On the other hand, it typically takes two to three years for developers to design and assess a project’s environment to the point where they are ready to file a planning request. This is before they go through the planning approval and licensing processes required to allow them to build it, begin operations and finally bring renewable energy to the grid. This process requires teams of interdisciplinary professionals working together over extended periods of time to manage the extensive environmental, technical, financial and logistical elements of the project.

The environmental impact assessment process is complex and extremely extensive. It’s incredibly difficult for the best-intentioned and well-resourced developers to point to every “i” and cross every “t” against it. Developers also depend on the planning authority to get everything done right. As such, if well-represented objectors treat the review process as an administrative trigger for developers, it is highly likely that a flaw will be successfully identified. Meanwhile, time goes by, technology becomes obsolete, project funding is threatened and we continue to depend on fossil fuels.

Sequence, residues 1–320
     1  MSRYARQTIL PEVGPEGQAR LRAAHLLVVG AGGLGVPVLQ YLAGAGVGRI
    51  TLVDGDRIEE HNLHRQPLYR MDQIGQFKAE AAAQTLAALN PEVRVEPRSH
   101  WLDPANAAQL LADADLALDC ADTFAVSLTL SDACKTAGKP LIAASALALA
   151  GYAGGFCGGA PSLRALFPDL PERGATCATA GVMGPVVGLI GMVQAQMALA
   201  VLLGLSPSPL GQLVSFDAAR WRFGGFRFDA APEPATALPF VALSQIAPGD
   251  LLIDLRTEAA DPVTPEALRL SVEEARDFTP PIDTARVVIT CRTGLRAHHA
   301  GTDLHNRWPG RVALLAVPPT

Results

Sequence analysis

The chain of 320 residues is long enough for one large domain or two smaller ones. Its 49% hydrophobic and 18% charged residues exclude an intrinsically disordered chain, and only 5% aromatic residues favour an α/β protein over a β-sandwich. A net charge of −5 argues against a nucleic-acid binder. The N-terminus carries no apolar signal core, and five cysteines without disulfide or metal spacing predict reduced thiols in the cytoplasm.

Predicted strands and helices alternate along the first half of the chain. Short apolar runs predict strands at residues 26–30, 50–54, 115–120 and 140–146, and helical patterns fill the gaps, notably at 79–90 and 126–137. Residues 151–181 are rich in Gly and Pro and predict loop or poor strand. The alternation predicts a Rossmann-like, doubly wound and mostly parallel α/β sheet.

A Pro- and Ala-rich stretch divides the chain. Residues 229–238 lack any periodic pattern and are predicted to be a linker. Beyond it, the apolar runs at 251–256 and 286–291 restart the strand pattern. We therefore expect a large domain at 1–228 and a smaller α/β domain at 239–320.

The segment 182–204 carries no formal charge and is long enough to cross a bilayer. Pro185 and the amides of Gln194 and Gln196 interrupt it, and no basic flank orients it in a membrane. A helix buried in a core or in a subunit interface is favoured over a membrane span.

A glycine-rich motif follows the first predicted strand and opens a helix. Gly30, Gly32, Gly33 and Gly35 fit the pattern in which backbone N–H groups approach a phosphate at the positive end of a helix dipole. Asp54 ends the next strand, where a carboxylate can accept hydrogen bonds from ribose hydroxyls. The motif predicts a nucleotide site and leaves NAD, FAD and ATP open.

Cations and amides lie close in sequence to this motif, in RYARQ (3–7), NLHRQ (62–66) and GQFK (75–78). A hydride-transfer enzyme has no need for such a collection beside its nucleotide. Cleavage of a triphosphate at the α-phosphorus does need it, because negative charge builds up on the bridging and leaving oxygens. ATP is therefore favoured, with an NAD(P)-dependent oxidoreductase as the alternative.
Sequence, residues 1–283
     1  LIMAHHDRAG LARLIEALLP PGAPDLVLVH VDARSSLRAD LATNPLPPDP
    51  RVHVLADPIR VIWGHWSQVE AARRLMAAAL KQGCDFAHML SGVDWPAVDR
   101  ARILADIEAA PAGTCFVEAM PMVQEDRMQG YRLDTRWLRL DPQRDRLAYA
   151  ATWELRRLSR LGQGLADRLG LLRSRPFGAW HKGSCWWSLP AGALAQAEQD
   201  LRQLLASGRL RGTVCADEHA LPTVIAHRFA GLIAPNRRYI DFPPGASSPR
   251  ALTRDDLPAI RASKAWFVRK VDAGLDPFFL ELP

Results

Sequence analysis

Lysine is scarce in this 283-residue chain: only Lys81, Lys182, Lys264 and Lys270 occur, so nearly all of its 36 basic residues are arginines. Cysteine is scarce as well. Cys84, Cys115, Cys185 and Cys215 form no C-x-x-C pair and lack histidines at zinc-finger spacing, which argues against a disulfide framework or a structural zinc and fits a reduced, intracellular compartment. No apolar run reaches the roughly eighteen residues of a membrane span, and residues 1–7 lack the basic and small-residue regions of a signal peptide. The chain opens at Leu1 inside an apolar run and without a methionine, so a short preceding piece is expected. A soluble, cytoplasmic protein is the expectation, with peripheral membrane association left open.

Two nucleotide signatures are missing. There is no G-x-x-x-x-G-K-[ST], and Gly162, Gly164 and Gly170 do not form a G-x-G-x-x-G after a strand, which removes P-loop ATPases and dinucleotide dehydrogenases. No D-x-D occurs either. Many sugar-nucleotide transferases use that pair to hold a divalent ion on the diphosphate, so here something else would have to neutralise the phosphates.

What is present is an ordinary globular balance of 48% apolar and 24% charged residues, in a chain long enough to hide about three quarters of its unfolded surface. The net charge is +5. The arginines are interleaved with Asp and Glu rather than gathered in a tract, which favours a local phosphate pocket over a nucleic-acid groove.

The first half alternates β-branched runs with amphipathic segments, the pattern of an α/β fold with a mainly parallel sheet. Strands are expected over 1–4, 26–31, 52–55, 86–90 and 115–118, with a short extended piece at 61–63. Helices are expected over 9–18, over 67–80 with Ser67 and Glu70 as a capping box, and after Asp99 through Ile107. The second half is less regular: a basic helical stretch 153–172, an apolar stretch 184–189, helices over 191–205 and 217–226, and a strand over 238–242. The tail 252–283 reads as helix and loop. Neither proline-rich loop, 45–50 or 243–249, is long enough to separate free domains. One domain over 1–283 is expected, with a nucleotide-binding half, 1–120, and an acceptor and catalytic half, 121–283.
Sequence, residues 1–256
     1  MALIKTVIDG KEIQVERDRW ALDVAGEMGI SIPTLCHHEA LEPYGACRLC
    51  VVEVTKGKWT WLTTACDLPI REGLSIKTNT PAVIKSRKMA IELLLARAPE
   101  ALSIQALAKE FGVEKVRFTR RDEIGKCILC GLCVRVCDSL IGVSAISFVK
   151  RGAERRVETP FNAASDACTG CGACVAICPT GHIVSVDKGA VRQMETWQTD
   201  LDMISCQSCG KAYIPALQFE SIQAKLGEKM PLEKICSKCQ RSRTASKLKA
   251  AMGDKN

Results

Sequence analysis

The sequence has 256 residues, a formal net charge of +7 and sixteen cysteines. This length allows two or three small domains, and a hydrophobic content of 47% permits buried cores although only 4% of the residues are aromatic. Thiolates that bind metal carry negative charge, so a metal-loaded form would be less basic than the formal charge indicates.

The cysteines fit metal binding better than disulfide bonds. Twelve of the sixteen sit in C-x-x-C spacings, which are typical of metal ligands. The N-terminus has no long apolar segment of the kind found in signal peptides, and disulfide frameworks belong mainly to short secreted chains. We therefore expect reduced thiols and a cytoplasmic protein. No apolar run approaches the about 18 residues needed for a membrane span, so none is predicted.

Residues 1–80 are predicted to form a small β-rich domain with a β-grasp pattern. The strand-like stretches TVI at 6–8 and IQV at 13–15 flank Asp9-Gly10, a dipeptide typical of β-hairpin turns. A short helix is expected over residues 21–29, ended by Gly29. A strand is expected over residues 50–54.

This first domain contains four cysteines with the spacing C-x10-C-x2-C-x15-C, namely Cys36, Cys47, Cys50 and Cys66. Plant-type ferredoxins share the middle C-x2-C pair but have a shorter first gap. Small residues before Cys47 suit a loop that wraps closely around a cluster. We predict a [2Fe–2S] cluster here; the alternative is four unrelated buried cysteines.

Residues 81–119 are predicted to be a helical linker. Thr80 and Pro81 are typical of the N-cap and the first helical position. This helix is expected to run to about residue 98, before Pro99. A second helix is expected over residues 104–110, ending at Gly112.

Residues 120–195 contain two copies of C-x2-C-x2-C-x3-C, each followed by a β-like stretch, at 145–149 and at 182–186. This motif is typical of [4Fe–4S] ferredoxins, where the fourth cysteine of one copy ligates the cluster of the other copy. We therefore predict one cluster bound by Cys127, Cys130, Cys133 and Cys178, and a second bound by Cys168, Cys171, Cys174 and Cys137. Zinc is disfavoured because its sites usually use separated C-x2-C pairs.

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From RTÉ Radio 1’s Drivetime, Elaine Loughlin of the Irish Examiner, David Connolly of the Irish Wind Energy Association and Sliabh Luachra Wind Awareness Group Chairman Fred O’Sullivan discuss wind farm guidelines

The Aarhus Convention gave citizens important legal rights with regard to access to environmental information, public participation in decision-making and the right of access to justice. These precious rights have been conferred “in order to contribute to the right of each person of present and future generations to live in an environment adequate for their health and well-being”.

However, there are no legal restrictions as to the purpose and use of the rights. They can be as validly used to oppose a wind farm as an oil refinery. In fact, many would argue that the local impacts of renewable energy infrastructure are actually harming local environments.